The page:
Federico Pappalardo

San Raffaele Scientific Institute, Milano, Lombardy, Italy

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Publications (105)220.16 Total impact

  • International journal of cardiology. 11/2014; 180C:199-202.
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    ABSTRACT: Italy is a country with high rates of immigration and the knowledge of immigrant health is very fragmentary. We provide a current picture of cardiovascular disease causes and clinical outcomes following heart surgery. A clinical and echocardiographic survey was conducted on 154 consecutive immigrants referred for heart surgery to San Raffaele Hospital in Milan between 2003 and 2011. Major causes of heart disease were rheumatic heart disease (RHD) (n = 64, 41%), nonrheumatic valvulopathies (n = 41, 27%), ischemic heart disease (IHD) (n = 25, 16%), congenital heart disease (n = 13, 9%) and miscellaneous (n = 11, 7%). Median age was 49 years [interquartile range (IQR) 7-81]; 55% of patients were male. Among valvulopathies, rheumatic mitral disease was predominant (n = 56, 53%) as both single and multivalvular disease (n = 46, 73%); myxomatous prolapse emerged as the second main pattern of mitral disease (n = 30, 33%). Among patients with IHD, 72% had a high cardiovascular risk. Surgery was scheduled in 138 patients (90%). Clinical follow-up was available in 96 patients (62%) [median time 62 months (IQR 15-123)], among whom 92 (96%) were alive, four patients (4%) had died and 58 (38%) were lost. Cardiovascular diseases represent a major health topic among immigrants in developed countries. RHD still is the predominant cause of hospitalization for heart surgery, nonrheumatic valvulopathies and IHD emerging as second and third causes, respectively. Data underline the need of reinforcement of prevention and care strategies in the matter of immigrant health and warrant the urgent attention of the international public health and research communities.
    Journal of cardiovascular medicine (Hagerstown, Md.). 11/2014;
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    ABSTRACT: Despite the consistent clinical data on the positive effects of LVADs in the treatment of refractory heart failure, unfortunately these devices yet show some limitations such as the risk of stroke, infection and device malfunction. The complex interplay between blood and the foreign material has a major role in the occurrence of these complications and biocompatibility of the inflow cannula would be pivotal in these terms. In the present study we carried out an in-depth physicochemical characterization of two commercially available LVADs by means of field emission gun scanning electron microscopy, energy dispersive X-ray and X-ray photoelectron spectra. Our results show that, despite both pumps share the same physicochemical concepts, major differences can be identified in the surface nature, morphology and chemical composition of their inflow cannulas.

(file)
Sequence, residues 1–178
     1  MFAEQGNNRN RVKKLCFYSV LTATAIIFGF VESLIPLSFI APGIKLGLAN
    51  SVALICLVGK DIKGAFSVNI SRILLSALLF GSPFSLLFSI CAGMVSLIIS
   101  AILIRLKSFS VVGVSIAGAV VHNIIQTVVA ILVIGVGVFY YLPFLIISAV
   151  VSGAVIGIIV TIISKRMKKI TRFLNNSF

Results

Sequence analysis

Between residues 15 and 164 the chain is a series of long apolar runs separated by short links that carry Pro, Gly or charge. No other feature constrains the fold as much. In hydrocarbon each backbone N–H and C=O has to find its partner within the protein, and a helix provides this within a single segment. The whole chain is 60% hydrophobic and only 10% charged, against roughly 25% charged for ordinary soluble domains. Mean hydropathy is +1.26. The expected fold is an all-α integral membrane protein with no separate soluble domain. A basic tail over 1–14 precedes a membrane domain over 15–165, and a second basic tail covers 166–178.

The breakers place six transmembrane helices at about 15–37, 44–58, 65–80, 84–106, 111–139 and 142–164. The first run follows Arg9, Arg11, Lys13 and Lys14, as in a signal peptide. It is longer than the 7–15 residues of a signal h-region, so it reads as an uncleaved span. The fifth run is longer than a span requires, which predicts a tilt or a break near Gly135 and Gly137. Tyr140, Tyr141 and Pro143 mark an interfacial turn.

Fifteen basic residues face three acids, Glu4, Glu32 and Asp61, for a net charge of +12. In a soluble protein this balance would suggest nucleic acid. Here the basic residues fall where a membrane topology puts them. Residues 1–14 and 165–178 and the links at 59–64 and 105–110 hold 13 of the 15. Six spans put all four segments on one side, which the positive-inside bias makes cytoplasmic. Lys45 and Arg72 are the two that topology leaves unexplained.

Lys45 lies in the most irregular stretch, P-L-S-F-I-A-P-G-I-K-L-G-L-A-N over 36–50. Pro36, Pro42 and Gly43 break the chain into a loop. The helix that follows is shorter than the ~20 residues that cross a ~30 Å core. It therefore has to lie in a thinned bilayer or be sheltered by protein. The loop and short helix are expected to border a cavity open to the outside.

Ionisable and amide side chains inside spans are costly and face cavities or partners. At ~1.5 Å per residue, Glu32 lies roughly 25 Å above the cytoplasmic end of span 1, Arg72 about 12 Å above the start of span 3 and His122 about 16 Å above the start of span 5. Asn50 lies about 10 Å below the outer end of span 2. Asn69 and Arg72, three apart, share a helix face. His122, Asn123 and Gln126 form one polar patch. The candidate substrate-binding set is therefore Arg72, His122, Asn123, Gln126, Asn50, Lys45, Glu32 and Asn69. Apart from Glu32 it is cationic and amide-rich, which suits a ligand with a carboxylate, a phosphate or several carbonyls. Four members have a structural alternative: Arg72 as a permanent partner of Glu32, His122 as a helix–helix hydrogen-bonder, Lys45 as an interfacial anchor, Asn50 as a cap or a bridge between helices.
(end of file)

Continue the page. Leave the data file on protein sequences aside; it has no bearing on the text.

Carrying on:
ASAIO journal (American Society for Artificial Internal Organs: 1992) 11/2014; · 1.39 Impact Factor
  • International journal of cardiology. 11/2014;
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    ABSTRACT: IMPORTANCE No effective pharmaceutical agents have yet been identified to treat acute kidney injury after cardiac surgery. OBJECTIVE To determine whether fenoldopam reduces the need for renal replacement therapy in critically ill cardiac surgery patients with acute kidney injury. DESIGN, SETTING, AND PARTICIPANTS Multicenter, randomized, double-blind, placebo-controlled, parallel-group study from March 2008 to April 2013 in 19 cardiovascular intensive care units in Italy. We randomly assigned 667 patients admitted to intensive care units after cardiac surgery with early acute kidney injury (Ն50% increase of serum creatinine level from baseline or oliguria for Ն6 hours) to receive fenoldopam (338 patients) or placebo (329 patients). We used a computer-generated permuted block randomization sequence for treatment allocation. All patients completed their follow-up 30 days after surgery, and data were analyzed according to the intention-to-treat principle. INTERVENTIONS Continuous infusion of fenoldopam or placebo for up to 4 days with a starting dose of 0.1 μg/kg/min (range, 0.025-0.3 μg/kg/min).
    JAMA. 09/2014;